Earlier this week Brodie Van Wagenen said he and his staff addressed all of their primary needs and now have roster capable of making a run at the National League East title.
The Mets are better than on the last day of last season, no doubt.
However, what happens -- if reports are accurate -- and the Phillies sign a combination of Bryce Harper, Manny Machado, Craig Kimbrel and Dallas Keuchel? If they choose Machado, what happens if the Nationals bring back Harper? And once Harper and Machado are off the board, what happens if the Braves finally make their long-rumored splash and sign A.J. Pollock, who reportedly once interested the Mets?
"I think that we're a good team," Van Wagenen added Wednesday. "Our goal is to win a championship and it starts with the division, so come get us."
I'm willing to bet the leadership in Washington, Philadelphia and Atlanta all looked at one another and rolled their eyes after reading Van Wagenen's statement.
I know the eyes were rolling by online Mets fans, most of whom hope their team is secretly lurking in the shadows readying a surprise move on any one of the above free agents. Van Wagenen, though, made it sound like that was not going to happen...
"We'll never rule out looking at great players, and if we can find a way to make deals happen, we'll be creative with it," he explained. "But, I think from a fit standpoint, both in the outfield and in the infield, we're at a pretty great position."
Frankly, despite his public statement, and despite what has been reported by local media by way of team sources, I still contend the Mets have meaningful interest in Harper, who they can absolutely fit in to their payroll in 2019 and still not exceed the luxury tax threshold.
"We've known what we've been working under and we built this roster with that in mind," Van Wagenen said Wednesday about his budget this winter. "I don't see anything that has come to light that has changed or forced me to look down or up in terms of our resources."
More importantly, Van Wagenen and Jeff Wilpon obviously know their payroll commitments plummet after 2020, which will free up spending money for future seasons that could be used to afford a player of Harper's caliber and star power.
"I've never operated this offseason to wait and see if a market dropped," Van Wagenen also declared. "In fact, all of our moves have not been market contingent, they've been roster contingent - how do these players fit?"
Don't get me wrong, Robinson Cano, Jed Lowrie, Edwin Diaz, Jeurys Familia and Wilson Ramos all fit and are significant acquisitions making the Mets better than in 2018. However, Harper switching from the Nationals to New York -- and NOT joining the Phillies -- would very much shift the balance of power in the division.
Imagine a poster of Citi Field featuring Jacob deGrom, Noah Syndergaard and Harper standing side by side by side (with Michael Conforto, Jed Lowrie, Cano and Ramos standing in back) and the words COME GET US now justifiably written below them. It would look right and intimidating. But this set up looks and feels a lot different when Cano or Lowrie or Ramos move forward to be in place of Harper, who, with Machado and Pollack and Kimbrel and Keuchel, are all on other teams in the NL East.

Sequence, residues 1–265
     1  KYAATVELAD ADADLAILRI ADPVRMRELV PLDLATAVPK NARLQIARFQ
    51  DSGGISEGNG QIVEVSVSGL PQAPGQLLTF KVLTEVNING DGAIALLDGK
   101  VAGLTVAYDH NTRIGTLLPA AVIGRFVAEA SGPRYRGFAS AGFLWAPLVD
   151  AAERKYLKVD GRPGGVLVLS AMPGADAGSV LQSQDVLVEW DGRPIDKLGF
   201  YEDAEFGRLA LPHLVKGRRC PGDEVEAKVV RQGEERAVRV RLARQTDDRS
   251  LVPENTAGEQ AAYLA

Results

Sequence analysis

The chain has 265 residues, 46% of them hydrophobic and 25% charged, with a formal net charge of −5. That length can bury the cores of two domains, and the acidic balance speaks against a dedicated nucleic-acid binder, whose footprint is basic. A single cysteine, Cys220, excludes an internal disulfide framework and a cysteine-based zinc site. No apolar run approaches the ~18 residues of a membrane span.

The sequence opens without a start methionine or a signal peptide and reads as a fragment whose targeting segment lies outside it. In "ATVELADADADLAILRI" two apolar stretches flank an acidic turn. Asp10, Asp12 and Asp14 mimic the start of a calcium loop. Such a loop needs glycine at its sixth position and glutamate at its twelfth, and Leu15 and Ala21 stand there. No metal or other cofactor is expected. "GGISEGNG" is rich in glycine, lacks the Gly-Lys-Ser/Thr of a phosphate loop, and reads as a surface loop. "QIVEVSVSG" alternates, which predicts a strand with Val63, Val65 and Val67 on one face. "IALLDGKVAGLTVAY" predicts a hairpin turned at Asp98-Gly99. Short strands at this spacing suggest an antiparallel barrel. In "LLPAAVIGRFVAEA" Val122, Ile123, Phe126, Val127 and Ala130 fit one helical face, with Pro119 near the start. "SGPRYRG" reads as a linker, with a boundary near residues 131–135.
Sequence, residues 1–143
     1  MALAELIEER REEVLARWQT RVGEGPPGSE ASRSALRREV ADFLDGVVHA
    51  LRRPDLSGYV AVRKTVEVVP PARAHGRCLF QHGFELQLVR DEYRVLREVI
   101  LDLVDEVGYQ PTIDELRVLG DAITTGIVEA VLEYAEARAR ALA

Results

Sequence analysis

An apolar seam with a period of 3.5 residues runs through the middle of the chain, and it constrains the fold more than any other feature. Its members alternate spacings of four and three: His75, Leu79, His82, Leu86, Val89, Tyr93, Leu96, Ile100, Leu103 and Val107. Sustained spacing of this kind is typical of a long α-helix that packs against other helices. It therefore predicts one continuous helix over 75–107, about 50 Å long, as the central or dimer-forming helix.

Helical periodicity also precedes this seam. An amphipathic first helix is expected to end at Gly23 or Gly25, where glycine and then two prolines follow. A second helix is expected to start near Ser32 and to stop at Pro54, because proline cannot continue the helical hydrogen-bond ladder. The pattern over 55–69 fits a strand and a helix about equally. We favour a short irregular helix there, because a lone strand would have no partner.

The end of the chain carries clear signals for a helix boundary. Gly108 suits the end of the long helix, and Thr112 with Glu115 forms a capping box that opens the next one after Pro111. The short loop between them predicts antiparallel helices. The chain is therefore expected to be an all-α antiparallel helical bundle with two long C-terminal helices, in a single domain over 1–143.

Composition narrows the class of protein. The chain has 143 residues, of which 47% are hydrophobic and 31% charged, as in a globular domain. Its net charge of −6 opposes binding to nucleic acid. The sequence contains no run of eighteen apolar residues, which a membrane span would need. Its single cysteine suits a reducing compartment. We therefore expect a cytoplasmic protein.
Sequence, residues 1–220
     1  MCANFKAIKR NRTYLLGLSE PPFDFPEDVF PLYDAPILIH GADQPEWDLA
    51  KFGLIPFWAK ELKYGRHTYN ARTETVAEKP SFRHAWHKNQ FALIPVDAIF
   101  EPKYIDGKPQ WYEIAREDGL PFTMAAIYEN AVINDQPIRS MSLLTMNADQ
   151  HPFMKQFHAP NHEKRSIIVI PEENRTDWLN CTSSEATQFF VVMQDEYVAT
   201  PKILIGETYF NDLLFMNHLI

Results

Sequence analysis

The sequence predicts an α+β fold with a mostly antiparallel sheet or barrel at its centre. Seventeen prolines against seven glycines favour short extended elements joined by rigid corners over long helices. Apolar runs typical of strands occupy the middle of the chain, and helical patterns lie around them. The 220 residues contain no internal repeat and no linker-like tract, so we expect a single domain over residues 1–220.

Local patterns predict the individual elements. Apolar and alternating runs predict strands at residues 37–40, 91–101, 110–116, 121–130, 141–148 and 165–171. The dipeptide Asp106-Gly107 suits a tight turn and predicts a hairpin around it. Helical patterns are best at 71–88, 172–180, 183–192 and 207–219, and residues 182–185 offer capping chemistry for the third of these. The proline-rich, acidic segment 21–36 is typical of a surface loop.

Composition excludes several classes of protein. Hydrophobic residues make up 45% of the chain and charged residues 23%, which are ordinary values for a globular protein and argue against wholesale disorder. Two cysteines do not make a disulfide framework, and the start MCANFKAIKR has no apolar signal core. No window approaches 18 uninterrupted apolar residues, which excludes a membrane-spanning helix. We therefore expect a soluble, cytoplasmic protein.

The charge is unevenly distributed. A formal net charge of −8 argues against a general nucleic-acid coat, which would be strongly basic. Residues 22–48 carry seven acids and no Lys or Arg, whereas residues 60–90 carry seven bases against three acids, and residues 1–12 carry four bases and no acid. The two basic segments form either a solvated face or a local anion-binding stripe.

The way it stands, FanGraphs.com projects the current Mets to have the seventh-most productive set of bats in the National League. Overall, the team projects to be the NL's fifth-best overall squad, but that is largely due to the pitching staff, which projects to be No. 1.
Meanwhile, the Phillies are projected to have the fourth-best lineup in the division. By adding Harper or Machado, they slip just pass the Mets. The bulk of reporting indicates they will eventually sign one or the other and could possibly sign both, which, if that happens, puts their projection atop the entire division.
Similarly, if the Braves then add Pollock - and a mid-rotation starter, which they're in the market to acquire - they, too, move past the Mets, who drop from second to fourth.
These are, of course, projections. They don't factor in injuries. But, that's the other issue, which is that - despite adding a lot of depth - if Van Wagenen loses any of one Cano, Ramos or Conforto due to injury -- let alone two of them dropping at the same time -- the Mets will return to scrambling for a bat, which has seemingly become an annual mid-season tradition.
This is why, as the above projections point out, the best spot for Van Wagenen to upgrade his power and production would be in the outfield, i.e. which would simultaneously let him move Jeff McNeil to third base and either trade Todd Frazier (to free up some money) or transition Frazier to a backup at first, third and corner outfield.
The point is, by adding Harper (or at least Pollock), it adds production and more depth. But, more important, it doesn't just improve Van Wagenen's overall roster, it keeps the Phillies, Nationals and Braves from getting better, as well...
Matthew Cerrone (Facebook | Twitter | Instagram | Contact) is lead writer of MetsBlog.com, which he created in 2003. He also hosts the MetsBlog Podcast, which you can subscribe to here. His new book, The New York Mets Fans' Bucket List, details 44 things every Mets fan should experience during their lifetime. To check it out, click here!